Ardent Mills flour, a flour and ingredient company, held a two-day conference at its Denver headquarters on Feb. 23-24. The focus of the event was to help key barley industry entities share knowledge and insights regarding the grain.
“In a world filled with oats and wheat, Ardent Mills brought together leaders from across the full spectrum of the barley industry to explore the significance of this ‘unsung hero’ of the grain world for human health and diet,” said Laura Wooster, business development at Ardent Mills. “All attendees came prepared to share their knowledge, explore new culinary applications and outline opportunities.”
Corrie Whisner of Arizona State University spoke about the correlation between gut health and barley.
“When it comes to gut health and satiety, barley is an underappreciated player,” Ms. Whisner said. “Barley ranks high for fiber content and we are learning it has a significant impact on the development of ‘good bacteria’ in the gut microbiome.”
According to the Idaho Barley Commission (IBC), soluble fiber from barley, as part of a diet low in saturated fat and cholesterol, may reduce the risk of heart disease. Whole grain barley and dry milled barley products, such as pearled barley kernels, flakes, grits and flour, provide at least 0.75 grams of soluble fiber per serving and contains key components that have been shown to provide specific nutritional benefits for human health. These include beta-glucan fiber, antioxidants, phytochemicals, protein, vitamins and minerals. Like other whole grains, barley is an important source of complex carbohydrates that helps fuel the body, and barley is free of saturated fat, cholesterol and sodium.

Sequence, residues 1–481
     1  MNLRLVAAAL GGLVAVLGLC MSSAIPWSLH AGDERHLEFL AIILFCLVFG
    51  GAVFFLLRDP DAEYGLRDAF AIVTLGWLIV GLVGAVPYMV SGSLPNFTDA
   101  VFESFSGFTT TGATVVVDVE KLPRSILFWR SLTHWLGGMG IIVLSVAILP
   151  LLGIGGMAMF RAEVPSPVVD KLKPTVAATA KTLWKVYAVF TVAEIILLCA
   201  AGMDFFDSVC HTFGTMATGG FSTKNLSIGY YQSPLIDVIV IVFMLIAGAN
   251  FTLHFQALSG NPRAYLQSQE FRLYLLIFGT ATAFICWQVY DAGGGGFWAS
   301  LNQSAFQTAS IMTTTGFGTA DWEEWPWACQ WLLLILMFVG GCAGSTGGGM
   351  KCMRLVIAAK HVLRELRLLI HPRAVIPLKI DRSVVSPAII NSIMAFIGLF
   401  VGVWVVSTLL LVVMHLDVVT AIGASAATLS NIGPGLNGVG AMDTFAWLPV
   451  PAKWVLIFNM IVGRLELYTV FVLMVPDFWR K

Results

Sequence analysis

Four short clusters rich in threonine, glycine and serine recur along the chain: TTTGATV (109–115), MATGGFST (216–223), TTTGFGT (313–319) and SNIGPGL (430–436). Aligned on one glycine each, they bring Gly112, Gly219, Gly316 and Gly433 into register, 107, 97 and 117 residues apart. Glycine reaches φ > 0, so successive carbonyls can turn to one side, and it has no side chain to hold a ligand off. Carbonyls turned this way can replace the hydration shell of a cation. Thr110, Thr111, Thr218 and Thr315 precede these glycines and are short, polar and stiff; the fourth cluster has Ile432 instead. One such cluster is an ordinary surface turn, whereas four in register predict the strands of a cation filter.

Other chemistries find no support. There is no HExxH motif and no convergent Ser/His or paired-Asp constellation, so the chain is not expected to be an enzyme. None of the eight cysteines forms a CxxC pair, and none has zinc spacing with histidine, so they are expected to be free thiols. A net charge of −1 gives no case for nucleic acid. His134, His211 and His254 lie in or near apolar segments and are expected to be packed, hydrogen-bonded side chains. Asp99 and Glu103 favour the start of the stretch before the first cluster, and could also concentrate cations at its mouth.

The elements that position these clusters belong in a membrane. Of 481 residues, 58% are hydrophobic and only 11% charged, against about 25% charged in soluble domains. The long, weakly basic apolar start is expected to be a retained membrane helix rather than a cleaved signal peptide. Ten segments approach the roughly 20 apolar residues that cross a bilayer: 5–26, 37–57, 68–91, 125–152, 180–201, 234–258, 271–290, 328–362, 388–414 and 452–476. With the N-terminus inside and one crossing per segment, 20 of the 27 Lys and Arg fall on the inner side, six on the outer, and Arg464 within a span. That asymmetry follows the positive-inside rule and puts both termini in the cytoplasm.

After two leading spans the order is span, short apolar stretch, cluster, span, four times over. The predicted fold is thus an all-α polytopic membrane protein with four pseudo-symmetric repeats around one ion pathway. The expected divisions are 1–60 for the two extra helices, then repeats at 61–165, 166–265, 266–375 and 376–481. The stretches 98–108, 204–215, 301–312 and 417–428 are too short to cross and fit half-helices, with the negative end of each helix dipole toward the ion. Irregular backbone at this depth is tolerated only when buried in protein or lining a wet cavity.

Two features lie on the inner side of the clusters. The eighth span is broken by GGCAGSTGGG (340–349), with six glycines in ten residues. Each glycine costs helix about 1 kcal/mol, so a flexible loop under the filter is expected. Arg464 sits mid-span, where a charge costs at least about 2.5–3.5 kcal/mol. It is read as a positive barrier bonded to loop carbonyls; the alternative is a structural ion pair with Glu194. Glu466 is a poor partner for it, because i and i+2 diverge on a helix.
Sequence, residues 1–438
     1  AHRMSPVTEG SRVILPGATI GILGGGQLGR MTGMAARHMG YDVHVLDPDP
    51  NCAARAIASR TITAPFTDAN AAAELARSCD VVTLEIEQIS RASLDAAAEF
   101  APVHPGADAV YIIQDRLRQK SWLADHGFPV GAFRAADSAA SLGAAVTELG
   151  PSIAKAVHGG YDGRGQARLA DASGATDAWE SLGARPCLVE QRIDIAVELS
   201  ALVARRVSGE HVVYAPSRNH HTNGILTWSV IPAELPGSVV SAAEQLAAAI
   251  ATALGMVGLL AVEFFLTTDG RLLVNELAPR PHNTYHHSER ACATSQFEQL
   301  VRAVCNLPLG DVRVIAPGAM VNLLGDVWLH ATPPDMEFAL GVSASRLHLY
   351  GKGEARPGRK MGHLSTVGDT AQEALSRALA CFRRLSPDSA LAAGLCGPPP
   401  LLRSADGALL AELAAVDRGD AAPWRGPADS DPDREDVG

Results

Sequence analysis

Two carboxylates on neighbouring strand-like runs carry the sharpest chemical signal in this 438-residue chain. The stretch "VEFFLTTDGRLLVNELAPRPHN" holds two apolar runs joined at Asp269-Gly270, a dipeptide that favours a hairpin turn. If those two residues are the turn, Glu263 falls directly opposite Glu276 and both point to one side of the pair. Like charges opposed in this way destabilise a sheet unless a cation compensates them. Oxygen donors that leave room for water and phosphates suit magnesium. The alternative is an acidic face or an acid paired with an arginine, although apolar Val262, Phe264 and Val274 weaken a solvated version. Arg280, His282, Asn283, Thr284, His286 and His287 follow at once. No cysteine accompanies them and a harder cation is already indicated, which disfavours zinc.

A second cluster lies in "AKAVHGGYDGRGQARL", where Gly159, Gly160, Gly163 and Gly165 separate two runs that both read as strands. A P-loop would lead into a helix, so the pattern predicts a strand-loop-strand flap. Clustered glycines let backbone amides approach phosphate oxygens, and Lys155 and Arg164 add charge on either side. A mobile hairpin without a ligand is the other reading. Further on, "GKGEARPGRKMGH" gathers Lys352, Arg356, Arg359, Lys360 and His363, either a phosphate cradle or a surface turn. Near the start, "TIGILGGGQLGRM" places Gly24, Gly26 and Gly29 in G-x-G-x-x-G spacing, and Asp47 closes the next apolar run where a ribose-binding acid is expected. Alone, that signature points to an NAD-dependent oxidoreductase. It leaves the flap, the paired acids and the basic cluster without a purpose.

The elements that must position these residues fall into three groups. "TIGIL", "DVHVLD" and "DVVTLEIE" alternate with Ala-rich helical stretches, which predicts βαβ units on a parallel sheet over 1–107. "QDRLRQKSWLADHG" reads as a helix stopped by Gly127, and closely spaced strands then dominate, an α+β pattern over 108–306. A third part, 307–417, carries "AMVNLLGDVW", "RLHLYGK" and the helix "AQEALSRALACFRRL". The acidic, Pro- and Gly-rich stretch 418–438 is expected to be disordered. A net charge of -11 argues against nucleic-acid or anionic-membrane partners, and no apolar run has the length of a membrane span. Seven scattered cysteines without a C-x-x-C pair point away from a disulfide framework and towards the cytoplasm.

“We are excited to see barley get more culinary and consumer attention,” said Kelly Olson, IBC commissioner. “The IBC sees this powerhouse grain has the potential to be the next ‘super grain’ in terms of great nutrition, versatility, affordability and sustainable growing. It’s time more people know about it and use it.”
Barley is grown in the Northwest regions of the United States and Canada and is an original American Indian food known for its heartiness and high nutrition. Available in beige, blue, black and purple varietals, barley may be used like brown rice or quinoa, IBC said.
“Barley is not just another beige grain,” said David Sheluga, director for consumer insights at Ardent Mills. “More people are learning about this overlooked and underappreciated grain for culinary applications. Barley tends to be known for beer or spirit production and as animal feed. But, barley is ripe for adoption in a food culture where people are looking for the next great thing, whether that’s a vegetable, some global inspiration or a grain. Our research found that consumers and influencers are most attracted by the ruggedness of scenic lands where barley is grown and the pioneering people who grow barley.”